In verse 18 Lot expresses his fears to one of the angels.  He pleads with the angel not to destroy Sodom because he would not be able to flee to the mountains fast enough.  The judgment would overtake him in the process and he and his family would be destroyed.   We see that battle of flesh and spirit here.  Lot is actually speaking to an angel of God, yet his fears rise to the surface.  You'd wonder how and why Lot couldn't just trust and accept the angel's words for him.  Our flesh is strong, stronger than we might want to admit. 

 

In verse 20 Lot tries to negotiate with the angel to flee to another town near by.  He says, "let me flee to it. It is very small, isn't it?"  The nature of this comment being a question to me suggest Lot 's fear is really bubbling over.  Like, "isn't this town good enough?  Please, let it be good enough."

 

In verse 21 we see that Lot convinced the angel.  The angel said that he would spare that little town from destruction as if to say that he might well have been planning on destroying it too.  This tells me that more than just Sodom was destroyed here. 

 

Once deciding not to destroy Zoar, the town in question here, the angel tells Lot to hurry because he could not destroy Sodom until he left.  Many Christians today take this verse to support a pre-trib rapture.  They say that Lot and his family had to leave before God's wrath was poured out on Sodom, because God does not pour out his wrath on his people.  That might well be true, but I don't think that is the main point to this verse.  The angel could not destroy Sodom with Lot still there because the Lord promised Abraham that He wouldn't destroy Sodom if there were righteous people living in the city.  So Lot had to leave before the destruction occurred.  It's that simple.  That being said, the principle that is behind the pre-trib rapture position might well be right, but it's not the main point to this verse, or so I think.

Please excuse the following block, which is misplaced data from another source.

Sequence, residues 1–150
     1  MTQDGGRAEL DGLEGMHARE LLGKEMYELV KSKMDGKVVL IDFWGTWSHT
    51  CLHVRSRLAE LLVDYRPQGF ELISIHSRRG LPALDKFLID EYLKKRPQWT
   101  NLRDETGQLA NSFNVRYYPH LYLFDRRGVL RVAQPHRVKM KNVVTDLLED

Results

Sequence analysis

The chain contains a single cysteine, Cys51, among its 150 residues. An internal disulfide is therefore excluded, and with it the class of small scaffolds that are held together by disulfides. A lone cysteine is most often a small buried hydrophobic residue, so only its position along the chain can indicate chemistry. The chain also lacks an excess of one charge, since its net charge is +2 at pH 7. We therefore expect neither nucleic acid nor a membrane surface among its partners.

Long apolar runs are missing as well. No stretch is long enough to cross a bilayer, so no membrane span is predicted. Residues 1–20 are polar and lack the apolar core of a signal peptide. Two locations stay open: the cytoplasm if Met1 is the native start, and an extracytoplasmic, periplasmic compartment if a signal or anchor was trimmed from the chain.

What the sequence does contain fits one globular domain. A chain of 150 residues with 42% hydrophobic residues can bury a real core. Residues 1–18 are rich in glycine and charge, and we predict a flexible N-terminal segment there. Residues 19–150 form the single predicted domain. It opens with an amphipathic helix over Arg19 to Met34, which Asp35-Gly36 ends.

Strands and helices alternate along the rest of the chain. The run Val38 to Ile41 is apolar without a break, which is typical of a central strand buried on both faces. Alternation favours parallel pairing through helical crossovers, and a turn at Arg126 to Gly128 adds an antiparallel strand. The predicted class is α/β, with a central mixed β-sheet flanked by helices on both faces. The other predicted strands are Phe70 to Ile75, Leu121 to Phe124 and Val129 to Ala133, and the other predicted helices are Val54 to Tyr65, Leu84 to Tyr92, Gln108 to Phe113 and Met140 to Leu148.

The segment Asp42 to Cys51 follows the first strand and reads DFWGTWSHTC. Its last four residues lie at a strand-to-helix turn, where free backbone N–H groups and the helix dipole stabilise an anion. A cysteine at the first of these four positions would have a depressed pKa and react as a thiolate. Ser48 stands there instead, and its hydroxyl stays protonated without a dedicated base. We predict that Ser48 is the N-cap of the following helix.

In verses 23 and 24 we see that after the sun rose in the sky the Lord poured out burning sulfur from heaven to destroy both Sodom and Gomorrah.  I can't imagine the pain and suffering the people would have went through.  Sulfur alone is burning to the eyes, let alone enough to burn two or more cities. 

 

Verse 26 clarifies that God destroyed more than just Sodom, and more than just Gomorrah.  He destroyed all the land of the plain as well, and that included the vegetation.  So it was a large area of land that was destroyed, and that is why the angel wanted Lot to leave, not only Sodom but the whole land of the plains.  The angel wanted Lot to go up into the mountains because the land of the plains would be destroyed as well.